CHARLOTTE-An idea that originated in the early 1980s to revive a blighted section of town is finally getting off the ground. Bank of America and Cousins Properties Inc. of Atlanta are jointly developing Gateway village, a $470 million, 25-acre venture along West Trade and Fifth Streets in the Third Ward. The project encompasses 1.1 million sf office for the bank’s technology center; 75,000 sf of retail; and 600 townhomes and apartments taking up 600,000 sf.

The bank and the developer are sharing the $350 million in commercial development costs. Funds for the $120 million residential component will come from various developers participating in the project. About 5,000 persons will work at Gateway Village when completed and about 1,000 will live there as permanent residents.

The first phase of the two-phased project is expected to be completed in late summer. This phase includes the existing Doubletree Hotel and Gateway Center across West Trade Street. A hotel and 10-story Gateway Center had been completed in 1989, but the project began to lose momentum.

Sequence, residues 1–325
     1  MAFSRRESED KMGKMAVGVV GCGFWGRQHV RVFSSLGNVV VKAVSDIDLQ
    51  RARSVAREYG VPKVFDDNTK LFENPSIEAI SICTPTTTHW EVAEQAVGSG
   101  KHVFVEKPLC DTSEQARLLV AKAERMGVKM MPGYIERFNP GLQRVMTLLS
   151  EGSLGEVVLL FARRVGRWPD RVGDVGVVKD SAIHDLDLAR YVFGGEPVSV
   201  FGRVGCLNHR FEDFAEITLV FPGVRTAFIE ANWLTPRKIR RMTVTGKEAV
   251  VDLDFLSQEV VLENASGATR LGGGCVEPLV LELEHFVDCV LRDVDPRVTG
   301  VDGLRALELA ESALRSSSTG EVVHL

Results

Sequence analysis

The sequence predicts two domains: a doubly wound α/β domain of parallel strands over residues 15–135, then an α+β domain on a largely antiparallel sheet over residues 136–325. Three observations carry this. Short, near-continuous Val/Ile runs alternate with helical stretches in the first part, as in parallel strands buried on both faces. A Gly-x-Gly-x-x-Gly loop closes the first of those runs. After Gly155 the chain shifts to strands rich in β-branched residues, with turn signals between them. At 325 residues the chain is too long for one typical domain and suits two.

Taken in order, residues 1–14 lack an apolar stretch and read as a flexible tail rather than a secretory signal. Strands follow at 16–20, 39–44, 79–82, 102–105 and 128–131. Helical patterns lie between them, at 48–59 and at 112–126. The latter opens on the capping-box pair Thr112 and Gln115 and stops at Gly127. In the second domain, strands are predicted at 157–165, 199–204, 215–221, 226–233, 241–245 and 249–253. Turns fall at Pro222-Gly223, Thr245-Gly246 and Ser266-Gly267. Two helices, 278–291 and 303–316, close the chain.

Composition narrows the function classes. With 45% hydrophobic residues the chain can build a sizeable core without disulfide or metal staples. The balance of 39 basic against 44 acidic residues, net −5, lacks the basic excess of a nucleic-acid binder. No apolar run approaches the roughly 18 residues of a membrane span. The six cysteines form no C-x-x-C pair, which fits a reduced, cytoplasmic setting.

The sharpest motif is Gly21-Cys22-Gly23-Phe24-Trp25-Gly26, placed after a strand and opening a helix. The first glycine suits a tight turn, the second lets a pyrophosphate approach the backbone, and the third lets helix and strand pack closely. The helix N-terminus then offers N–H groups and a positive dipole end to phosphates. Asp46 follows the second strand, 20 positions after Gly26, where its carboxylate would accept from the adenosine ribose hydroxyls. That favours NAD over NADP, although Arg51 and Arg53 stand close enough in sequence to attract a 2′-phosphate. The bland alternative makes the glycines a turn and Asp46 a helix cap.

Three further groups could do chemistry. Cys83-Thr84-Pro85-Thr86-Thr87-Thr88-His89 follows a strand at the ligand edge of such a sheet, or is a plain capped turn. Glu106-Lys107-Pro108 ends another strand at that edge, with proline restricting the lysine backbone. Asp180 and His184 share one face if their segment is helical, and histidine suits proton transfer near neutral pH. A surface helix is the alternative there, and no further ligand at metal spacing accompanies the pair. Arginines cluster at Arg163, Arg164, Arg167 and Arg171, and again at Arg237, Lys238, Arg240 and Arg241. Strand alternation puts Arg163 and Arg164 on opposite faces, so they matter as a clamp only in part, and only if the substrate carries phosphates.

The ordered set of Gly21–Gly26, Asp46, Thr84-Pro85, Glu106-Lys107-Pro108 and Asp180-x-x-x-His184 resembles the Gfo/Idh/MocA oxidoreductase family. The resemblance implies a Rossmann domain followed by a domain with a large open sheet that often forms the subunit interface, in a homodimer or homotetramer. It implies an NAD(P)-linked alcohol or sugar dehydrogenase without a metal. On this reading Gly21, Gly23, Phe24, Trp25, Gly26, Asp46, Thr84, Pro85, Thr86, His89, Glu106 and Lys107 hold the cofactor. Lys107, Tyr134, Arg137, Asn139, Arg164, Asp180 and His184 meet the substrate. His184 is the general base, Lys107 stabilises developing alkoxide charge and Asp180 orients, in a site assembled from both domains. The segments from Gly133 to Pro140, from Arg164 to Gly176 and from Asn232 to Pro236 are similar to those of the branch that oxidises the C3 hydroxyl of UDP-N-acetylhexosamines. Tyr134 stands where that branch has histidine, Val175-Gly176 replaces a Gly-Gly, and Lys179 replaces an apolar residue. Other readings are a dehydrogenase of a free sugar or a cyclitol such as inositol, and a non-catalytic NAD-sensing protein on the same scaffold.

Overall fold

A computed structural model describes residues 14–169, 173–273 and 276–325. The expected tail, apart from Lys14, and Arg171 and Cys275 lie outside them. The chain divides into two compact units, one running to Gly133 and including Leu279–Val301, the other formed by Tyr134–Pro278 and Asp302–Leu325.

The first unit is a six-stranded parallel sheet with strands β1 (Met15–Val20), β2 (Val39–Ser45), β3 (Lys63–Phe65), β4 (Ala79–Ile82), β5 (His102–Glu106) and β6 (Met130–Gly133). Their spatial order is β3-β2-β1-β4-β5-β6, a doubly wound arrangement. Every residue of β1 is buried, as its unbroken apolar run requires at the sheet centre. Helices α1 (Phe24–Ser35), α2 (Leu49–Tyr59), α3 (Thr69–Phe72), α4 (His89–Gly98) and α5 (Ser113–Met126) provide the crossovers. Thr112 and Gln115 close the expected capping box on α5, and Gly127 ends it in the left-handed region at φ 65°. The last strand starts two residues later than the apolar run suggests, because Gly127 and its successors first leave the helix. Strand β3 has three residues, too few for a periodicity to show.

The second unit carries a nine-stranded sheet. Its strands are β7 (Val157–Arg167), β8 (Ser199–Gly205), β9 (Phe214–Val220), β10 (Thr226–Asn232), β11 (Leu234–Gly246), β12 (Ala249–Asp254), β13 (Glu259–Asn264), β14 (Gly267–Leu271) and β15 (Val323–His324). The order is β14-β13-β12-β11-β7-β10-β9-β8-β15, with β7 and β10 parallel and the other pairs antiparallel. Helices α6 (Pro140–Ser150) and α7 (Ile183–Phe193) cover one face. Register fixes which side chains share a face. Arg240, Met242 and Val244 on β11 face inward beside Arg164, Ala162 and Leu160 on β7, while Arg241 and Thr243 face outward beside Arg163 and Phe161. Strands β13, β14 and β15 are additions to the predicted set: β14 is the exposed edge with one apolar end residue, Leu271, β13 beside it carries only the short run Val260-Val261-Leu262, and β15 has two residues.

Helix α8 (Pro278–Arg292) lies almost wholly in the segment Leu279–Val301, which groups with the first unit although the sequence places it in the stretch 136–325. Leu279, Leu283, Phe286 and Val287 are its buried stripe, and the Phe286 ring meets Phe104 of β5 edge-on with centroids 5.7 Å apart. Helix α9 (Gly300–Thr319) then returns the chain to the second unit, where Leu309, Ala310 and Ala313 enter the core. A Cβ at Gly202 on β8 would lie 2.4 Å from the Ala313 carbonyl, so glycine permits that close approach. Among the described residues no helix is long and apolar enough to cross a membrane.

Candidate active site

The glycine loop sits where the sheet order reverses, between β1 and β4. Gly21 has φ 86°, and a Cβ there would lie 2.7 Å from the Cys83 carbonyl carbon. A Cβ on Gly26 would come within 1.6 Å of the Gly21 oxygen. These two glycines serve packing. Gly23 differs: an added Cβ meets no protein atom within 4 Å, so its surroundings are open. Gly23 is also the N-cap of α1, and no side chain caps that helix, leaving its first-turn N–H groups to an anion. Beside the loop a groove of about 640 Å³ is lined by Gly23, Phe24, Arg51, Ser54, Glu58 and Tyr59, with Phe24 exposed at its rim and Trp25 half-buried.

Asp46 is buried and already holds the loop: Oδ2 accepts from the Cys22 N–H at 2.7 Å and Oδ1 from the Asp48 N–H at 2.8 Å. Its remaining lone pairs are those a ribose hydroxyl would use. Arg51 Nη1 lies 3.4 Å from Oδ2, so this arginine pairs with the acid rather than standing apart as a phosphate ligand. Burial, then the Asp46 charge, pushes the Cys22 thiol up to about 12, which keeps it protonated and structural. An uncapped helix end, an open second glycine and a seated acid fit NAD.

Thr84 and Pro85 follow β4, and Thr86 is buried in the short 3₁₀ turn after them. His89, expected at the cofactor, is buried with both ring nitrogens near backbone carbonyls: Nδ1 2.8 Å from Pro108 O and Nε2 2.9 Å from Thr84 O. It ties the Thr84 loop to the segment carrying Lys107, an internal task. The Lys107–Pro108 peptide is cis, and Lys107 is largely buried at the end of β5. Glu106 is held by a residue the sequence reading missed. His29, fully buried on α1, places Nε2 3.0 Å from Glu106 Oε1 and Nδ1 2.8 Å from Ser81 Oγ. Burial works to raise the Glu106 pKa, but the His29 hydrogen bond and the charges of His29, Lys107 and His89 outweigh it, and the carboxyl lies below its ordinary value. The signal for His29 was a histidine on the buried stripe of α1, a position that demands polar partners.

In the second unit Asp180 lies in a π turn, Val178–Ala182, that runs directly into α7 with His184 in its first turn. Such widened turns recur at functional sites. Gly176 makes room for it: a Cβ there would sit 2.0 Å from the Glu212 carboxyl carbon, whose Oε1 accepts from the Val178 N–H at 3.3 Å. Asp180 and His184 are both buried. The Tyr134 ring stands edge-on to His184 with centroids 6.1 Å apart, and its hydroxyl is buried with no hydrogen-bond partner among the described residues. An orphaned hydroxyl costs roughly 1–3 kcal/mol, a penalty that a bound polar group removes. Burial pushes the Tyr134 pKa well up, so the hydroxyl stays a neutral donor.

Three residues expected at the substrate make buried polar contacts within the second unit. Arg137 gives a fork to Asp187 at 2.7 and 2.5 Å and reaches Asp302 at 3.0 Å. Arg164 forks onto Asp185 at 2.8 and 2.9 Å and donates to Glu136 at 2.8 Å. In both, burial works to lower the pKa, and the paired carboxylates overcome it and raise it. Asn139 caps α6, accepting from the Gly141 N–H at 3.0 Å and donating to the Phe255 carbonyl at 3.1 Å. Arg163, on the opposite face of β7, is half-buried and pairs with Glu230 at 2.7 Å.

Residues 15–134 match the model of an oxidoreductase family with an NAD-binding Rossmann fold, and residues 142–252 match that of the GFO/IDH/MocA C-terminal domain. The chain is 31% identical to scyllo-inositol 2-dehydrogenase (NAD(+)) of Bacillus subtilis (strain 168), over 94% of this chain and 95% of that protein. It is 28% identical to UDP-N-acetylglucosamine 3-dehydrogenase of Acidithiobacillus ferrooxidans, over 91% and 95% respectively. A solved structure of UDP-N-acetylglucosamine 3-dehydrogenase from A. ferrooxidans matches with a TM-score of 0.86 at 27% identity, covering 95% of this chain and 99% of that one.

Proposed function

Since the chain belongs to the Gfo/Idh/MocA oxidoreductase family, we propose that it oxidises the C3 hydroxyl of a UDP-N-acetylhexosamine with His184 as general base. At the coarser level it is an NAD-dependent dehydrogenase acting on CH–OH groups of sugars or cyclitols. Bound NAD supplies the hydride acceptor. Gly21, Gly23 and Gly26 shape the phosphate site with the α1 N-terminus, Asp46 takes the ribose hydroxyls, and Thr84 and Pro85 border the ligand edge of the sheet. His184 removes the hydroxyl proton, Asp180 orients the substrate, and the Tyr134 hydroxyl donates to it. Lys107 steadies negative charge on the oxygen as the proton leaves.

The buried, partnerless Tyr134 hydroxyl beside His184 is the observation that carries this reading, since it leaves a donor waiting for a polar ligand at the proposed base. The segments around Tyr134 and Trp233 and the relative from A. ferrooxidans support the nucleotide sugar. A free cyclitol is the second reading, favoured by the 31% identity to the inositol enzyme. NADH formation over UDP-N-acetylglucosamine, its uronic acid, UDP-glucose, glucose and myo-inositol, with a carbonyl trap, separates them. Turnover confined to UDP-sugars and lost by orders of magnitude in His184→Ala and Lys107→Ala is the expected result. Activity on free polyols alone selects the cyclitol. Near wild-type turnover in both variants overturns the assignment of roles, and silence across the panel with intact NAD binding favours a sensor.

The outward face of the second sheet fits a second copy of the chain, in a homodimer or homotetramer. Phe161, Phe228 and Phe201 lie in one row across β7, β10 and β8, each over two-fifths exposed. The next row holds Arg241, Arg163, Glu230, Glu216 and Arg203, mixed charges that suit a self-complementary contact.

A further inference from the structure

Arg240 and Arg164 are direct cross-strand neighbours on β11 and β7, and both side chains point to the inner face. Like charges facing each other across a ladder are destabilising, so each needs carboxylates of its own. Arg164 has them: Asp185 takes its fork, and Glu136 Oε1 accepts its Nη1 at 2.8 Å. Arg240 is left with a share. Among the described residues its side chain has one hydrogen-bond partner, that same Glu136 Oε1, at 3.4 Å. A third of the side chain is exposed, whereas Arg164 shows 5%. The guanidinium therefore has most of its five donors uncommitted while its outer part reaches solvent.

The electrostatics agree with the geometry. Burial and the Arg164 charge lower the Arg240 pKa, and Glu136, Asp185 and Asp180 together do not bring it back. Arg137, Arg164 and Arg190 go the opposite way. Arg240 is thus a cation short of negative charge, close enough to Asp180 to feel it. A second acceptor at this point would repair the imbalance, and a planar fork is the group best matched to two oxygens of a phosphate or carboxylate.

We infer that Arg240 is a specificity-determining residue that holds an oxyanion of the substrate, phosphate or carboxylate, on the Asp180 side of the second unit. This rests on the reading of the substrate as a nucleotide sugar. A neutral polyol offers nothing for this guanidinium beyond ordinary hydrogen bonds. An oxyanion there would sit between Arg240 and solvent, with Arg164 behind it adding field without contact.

Third Ward has been in the throes of redevelopment since the early 1980s, when the village idea was first discussed by bank executives Dennis Rash, Hugh McColl and Joe Martin. The plan was to rehabilitate the area and develop Third Ward into a grand, mixed-use urban village that would become an integral part of uptown. At the time, West Trade was the quickest path to uptown from the airport. The bank became interested and bought some land, but further development was not in the cards at the time.

Bank of America was still a regional bank called NCNB, but dramatic growth turned it into NationsBank and later Bank of America. The bank then took over the 10-story Gateway Center project.

In the early 1990s, developers were drawn to the area to provide office space for Charlotte’s growing companies. This led to residential, retail, and open-space developments. The bank and Cousins Properties met with Third Ward residents and listened to what they wanted. Those living in Third Ward now consider the complex a neighborhood asset.

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